This is a pretty much how the synagogue in Nazareth treated Jesus when he taught them. The hometown folks in Nazareth are both overconfident and clueless, they think they know who he is and what he is capable of, and so they have limited what they are willing to hear from him.

When we identify with the disciples and Jesus in this story, it is because we’ve been dismissed and put down, too. People who know what to expect of us don’t want to hear or see anything else.

But we also do it to others. Individually and collectively as the church, we dismiss people – not because of what they say, but because of who we think they are. We do it to individuals and to whole communities. Dismiss them. Reject their preaching. Condescend to their witness. Refuse to see Christ in them.

We do a lot of ‘splaining in the church. We ‘splain to women. And to various ethnic groups. We ‘splain to people whose “way of being” in the world doesn’t give them authority to teach us because they are poor or gay or deaf or carpenters. We ‘splain to youth a lot.

There is a lot of fret in the church about America becoming a nation of unbelievers, that in the realm of religious belief, the “nones” (those with no particular religious affiliation) are the fastest growing segment of the population. But one lesson in today’s story is that it might not be “nones” who are the most resistant and unwelcoming to Jesus’ and his disciples– it might be the people who claim to be the closest, it might be hometown folks. Like us.

The Gospel says Jesus “was amazed at their unbelief.” That is, he was amazed at the unbelief of a congregation of believers. Their unbelief was not a matter of rejecting the content of Jesus’ message. Their unbelief was their inability to see or hear the message from a well-known but unexpected source.

-      “Where did this man get all this?”
-      “What is this ‘wisdom’ that has been given to HIM?”

There is a lot about Jesus and his ministry that is outside of what was expected. Familiar, but surprising. But the people in Nazareth could only see what they expected to see. Do we have the same problem? Do we “already know” what Jesus has to say about the problems we face every day? Do we really already know everything the teachings of our tradition?

For those of us inside the church, the disciples and the hometown folks (most of us are both) the challenge is to share the Good News in the villages outside our comfort zone. For those of us inside the church, the challenge is also to learn the Good News from people we think we know well – people who might surprise us if we’d let them.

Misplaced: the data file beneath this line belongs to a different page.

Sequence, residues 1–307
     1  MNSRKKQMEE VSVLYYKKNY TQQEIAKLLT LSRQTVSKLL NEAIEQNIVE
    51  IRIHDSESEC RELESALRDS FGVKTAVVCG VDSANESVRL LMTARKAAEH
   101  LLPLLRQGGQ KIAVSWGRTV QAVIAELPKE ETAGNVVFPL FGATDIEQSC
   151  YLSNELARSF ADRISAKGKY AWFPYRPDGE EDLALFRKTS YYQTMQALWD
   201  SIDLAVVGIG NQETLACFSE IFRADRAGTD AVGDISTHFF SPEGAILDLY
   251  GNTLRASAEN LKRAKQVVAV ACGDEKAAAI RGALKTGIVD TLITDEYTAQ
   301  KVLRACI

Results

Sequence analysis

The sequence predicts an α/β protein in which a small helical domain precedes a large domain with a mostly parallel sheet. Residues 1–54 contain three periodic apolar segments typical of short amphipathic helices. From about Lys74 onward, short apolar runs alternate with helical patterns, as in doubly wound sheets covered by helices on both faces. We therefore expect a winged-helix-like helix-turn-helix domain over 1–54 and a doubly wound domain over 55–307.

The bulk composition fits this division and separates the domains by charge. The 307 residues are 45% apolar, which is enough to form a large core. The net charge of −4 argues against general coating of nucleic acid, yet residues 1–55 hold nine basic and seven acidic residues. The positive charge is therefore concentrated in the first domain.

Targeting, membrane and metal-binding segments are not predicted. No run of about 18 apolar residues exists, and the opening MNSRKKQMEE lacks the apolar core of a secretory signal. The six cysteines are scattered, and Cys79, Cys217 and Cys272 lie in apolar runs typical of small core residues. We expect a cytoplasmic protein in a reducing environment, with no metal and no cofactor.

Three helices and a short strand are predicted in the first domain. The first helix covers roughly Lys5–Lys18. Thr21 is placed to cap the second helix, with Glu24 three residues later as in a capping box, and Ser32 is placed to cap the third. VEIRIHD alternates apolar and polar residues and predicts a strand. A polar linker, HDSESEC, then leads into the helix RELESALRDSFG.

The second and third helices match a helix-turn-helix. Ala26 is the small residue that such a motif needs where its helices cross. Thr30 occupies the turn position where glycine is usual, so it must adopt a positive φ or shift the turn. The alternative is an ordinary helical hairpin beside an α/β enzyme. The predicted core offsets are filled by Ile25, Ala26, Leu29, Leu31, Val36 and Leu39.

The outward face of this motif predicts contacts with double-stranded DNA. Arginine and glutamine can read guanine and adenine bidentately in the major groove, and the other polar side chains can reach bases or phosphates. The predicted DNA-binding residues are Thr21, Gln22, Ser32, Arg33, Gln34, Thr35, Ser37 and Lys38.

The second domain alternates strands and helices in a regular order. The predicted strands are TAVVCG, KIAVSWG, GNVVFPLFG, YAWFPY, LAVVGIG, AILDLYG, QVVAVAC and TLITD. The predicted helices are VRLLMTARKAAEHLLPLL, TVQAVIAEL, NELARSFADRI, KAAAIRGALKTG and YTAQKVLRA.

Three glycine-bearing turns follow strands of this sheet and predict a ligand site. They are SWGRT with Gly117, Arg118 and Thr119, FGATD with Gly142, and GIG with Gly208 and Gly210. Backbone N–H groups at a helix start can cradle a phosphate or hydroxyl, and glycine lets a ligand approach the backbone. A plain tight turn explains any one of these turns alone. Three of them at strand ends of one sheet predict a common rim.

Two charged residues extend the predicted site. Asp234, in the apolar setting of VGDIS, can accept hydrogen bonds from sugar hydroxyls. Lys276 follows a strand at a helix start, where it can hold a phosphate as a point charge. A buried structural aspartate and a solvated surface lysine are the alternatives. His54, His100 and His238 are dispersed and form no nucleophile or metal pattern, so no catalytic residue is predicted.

And sometimes, the one who might surprise us the most is Jesus himself.

Amen.

Love’s Banquet

Once, she sipped from the cup we all shared
Now, we gather round the same table without her
Yet with her, in her memory
Table extended, chairs added
An overflow crowd of lives touched
This banquet is a foretaste
And even in grief, we can taste the sweetness
of the next cup we will share

__________________________________________
This weekend, I went to the funeral for a woman I knew at my former parish. There were a mix of people – some I knew, some I did not – all of us connected because of Cynthia and her daughter. I was asked to read one of the lessons and here is what Isaiah told us:

On this mountain the Lord of hosts will make for all peoples a feast of rich food, a feast of well-aged wines, of rich food filled with marrow, of well-aged wines strained clear.

The first reading at the funeral was about rejoicing at a lavish banquet. It makes you take another look at your surroundings to hear words like that. On the way into the service, I was ready to share grief with everyone else there. The sense of loss was there, but there was also a palpable sense of abundance. It was more than the number of chairs in the room (and we had to keep adding because more and more people came) and more than the cookies eaten at the reception afterwards. The abundance came from all of us together being more than the sum of our parts. That’s what love does.

 

A little community

Ball moss isn’t really moss. It is an air plant that lives off of humidity and dust, water and soil – the same stuff of which I am made. These botanical spheres seem self-sufficient,  they don’t really need any other plants for their survival. Yet, they usually live in trees. Maybe they do it for the company. That little ball of thin leaves is really a community of plants holding tightly to each other, and also shooting out long-stemmed flowers to share themselves with the wider world. Island plants that are really not islands at all.

I’ve been using a different lens lately to consider human nature. One view I’m seeing is the nature of our physical selves – humans are both corporal and corporate. We are separate bodies and connected communities – at the same time. You and I can’t be truly human without being both. Our nourishment comes not only from water and soil, but also from holding tightly together and sending our blossoms out to the wider world. It’s how we are made and what we are made for.